OSAKA (TR) – A court here last month reduced the prison term previously handed to a 33-year-old former nurse over the murder of her mother and destruction of her corpse three years ago, reports Mainichi Broadcasting System (Jan. 27).
On January 26, the Osaka High Court handed Nozomi Kiryu, 34, a prison term of 10 years, overturning a previous sentence of 15 years.
In the initial trial, Kiryu denied killing her mother, 58-year-old Shinobu. However, she admitted to murder in the appeal.
In handing down the ruling in the appeal, presiding judge Hiromichi Iwakura said, “[The defendant] killed her mother to break the iron grip she had on her life.”
Limbs and head not found
On January 19 and 20, 2018, Kiryu used an unspecified means to kill her mother at the residence they shared in Moriyama City, Shiga Prefecture.
That March, a passerby to a riverbed located about 250 meters from the residence discovered a human torso. Two months later, the results of a DNA analysis confirmed that the torso belonged to Shinobu.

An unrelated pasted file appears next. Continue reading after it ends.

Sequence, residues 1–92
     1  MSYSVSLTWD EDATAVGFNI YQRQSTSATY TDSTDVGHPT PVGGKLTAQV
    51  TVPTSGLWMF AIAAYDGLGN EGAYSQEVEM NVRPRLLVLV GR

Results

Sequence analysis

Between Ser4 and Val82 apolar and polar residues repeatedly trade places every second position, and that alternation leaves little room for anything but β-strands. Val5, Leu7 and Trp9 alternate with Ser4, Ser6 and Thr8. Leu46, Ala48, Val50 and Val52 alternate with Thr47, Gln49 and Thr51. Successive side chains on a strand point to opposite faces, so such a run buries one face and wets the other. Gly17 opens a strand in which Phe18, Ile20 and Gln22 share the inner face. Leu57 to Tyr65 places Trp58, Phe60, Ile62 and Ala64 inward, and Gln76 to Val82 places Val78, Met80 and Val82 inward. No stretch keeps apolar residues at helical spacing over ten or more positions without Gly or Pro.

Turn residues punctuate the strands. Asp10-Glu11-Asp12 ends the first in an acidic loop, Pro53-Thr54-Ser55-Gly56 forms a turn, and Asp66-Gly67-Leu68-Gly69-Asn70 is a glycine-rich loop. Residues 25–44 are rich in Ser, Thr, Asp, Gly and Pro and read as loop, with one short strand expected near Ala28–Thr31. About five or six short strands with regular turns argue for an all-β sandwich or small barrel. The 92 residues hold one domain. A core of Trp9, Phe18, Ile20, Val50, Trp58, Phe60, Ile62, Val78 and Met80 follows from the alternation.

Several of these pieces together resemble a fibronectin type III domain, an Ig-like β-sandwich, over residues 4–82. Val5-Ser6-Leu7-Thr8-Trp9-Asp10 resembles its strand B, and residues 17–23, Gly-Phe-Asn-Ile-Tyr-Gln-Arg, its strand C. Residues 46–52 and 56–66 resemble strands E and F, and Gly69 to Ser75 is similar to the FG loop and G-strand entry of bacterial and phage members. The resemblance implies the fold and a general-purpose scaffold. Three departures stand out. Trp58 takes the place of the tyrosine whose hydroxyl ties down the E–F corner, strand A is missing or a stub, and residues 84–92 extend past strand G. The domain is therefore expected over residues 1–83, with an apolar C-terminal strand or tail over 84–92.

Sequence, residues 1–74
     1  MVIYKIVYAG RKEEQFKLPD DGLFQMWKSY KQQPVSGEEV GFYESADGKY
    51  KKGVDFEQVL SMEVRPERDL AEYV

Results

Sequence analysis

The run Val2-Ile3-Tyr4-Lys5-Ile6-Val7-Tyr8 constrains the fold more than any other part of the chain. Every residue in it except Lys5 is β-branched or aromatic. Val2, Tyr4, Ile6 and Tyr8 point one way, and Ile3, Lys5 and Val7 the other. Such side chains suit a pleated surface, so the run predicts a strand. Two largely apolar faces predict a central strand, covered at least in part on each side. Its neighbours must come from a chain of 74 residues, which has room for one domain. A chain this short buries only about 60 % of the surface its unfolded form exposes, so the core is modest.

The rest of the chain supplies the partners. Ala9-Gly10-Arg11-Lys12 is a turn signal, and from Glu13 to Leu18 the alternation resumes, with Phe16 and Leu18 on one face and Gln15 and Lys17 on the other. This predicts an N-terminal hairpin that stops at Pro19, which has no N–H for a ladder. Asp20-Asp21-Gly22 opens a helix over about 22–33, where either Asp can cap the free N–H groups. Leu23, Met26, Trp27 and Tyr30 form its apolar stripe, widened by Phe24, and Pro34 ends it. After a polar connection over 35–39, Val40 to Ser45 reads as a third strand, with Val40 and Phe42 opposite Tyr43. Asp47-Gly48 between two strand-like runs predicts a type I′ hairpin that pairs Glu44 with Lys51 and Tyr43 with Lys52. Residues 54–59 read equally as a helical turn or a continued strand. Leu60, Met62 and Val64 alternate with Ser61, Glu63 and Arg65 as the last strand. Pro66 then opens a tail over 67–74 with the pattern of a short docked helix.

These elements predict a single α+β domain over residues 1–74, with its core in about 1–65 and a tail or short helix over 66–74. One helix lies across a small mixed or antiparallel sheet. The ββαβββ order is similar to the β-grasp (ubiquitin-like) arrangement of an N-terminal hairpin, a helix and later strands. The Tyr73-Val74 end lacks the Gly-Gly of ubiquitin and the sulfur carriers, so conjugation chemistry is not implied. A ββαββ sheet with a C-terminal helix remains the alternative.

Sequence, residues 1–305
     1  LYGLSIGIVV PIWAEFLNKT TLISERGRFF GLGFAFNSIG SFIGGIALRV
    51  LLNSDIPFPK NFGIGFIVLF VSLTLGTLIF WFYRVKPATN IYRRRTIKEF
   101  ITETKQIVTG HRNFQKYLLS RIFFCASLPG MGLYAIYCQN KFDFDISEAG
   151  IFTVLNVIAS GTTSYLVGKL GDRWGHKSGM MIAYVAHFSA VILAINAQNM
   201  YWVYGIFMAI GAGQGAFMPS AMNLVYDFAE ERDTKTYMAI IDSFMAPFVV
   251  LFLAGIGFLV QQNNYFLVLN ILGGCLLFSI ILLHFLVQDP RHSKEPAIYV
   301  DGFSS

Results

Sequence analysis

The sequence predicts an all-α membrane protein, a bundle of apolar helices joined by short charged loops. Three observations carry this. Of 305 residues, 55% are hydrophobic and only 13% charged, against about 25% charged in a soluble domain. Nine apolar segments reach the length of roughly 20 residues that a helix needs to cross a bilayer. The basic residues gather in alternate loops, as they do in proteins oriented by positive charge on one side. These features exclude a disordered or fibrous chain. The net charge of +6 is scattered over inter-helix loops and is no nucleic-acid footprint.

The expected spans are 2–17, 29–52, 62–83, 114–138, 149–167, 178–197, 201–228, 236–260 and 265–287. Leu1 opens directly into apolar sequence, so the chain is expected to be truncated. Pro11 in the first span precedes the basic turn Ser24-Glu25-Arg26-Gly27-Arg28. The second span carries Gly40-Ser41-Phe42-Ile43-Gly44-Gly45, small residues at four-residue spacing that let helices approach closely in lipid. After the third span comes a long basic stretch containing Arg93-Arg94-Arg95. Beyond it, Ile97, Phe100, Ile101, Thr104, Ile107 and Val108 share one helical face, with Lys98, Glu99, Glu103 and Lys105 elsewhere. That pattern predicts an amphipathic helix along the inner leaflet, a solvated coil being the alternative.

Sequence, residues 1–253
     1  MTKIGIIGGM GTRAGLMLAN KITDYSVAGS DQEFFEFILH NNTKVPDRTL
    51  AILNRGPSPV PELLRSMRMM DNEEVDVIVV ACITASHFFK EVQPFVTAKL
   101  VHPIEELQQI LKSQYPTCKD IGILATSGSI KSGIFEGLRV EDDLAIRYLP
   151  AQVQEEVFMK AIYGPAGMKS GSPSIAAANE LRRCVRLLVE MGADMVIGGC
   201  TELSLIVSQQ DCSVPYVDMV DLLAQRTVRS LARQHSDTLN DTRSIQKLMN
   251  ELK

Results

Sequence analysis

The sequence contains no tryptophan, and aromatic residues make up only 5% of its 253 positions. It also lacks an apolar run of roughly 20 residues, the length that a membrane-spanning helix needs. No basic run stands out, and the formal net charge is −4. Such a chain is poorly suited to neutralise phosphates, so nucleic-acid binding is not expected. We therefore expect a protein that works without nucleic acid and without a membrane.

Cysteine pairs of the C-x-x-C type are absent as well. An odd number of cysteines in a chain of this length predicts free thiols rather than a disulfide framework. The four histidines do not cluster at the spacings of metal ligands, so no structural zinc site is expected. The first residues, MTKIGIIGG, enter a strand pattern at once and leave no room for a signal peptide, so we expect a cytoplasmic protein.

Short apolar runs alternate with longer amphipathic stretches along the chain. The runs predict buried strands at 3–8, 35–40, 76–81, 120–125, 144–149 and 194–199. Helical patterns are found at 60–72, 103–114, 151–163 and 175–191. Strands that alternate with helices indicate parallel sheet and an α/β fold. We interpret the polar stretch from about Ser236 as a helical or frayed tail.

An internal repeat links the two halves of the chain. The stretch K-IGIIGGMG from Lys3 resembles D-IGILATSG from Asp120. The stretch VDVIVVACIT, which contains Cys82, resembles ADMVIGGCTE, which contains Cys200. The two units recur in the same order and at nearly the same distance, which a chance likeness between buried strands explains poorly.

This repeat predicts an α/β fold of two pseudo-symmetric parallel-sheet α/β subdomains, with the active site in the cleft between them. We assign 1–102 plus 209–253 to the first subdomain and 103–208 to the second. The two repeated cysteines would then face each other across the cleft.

Shinobu’s limbs and head were not found. However, police found traces of her blood in the bathroom of the Moriyama residence.
Police later arrested Nozomi, who moved to Kusatsu City after the incident, on suspicion of abandoning and destruction of a corpse.
“Disregarded the dignity of the victim”
At the opening of her trial at the Otsu District Court that September, she admitted to those allegations. That same month, police accused her of murder. Later in the trial, she denied that allegation.
In handing down the first ruling last year, presiding judge Naoki Onishi said that the crimes of Nozomi Kiryu committed upon her mother, 58-year-old Shinobu, “were brutal and disregarded the dignity of the victim.”
In recognizing murder, judge Onishi said that the defendant was motivated by her mother’s refusal to accept her desire to become a nurse.
“Remorse for your sins”
The defense appealed the ruling. In reading the ruling the in the appeal, judge Iwakura emphasized the “excessive interference from your mother in becoming a nurse” in overturning the previous 15-year sentence.
“Given the events that led up to the crime, your [murder] confession and remorse for your sins, some sympathy can be found,” the judge said.
As the judge spoke, Kiryu wept in the courtroom. “You have to decide your own way of re-entering society,” he said. “Don’t miss this chance.”